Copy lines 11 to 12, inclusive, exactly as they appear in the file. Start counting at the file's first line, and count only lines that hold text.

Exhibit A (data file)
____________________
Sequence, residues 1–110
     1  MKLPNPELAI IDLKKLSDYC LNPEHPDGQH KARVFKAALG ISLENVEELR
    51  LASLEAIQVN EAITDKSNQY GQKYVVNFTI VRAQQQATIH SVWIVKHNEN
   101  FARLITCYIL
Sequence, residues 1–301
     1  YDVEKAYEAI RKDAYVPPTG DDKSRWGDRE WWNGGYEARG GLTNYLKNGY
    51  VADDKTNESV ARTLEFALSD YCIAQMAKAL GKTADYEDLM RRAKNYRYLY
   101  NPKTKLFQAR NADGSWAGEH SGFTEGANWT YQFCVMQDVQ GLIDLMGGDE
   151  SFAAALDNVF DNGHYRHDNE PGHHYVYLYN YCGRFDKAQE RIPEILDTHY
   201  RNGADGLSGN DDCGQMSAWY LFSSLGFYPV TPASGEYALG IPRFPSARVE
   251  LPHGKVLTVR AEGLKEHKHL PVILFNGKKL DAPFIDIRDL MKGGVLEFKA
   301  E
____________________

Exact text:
   251  LPHGKVLTVR AEGLKEHKHL PVILFNGKKL DAPFIDIRDL MKGGVLEFKA
   301  E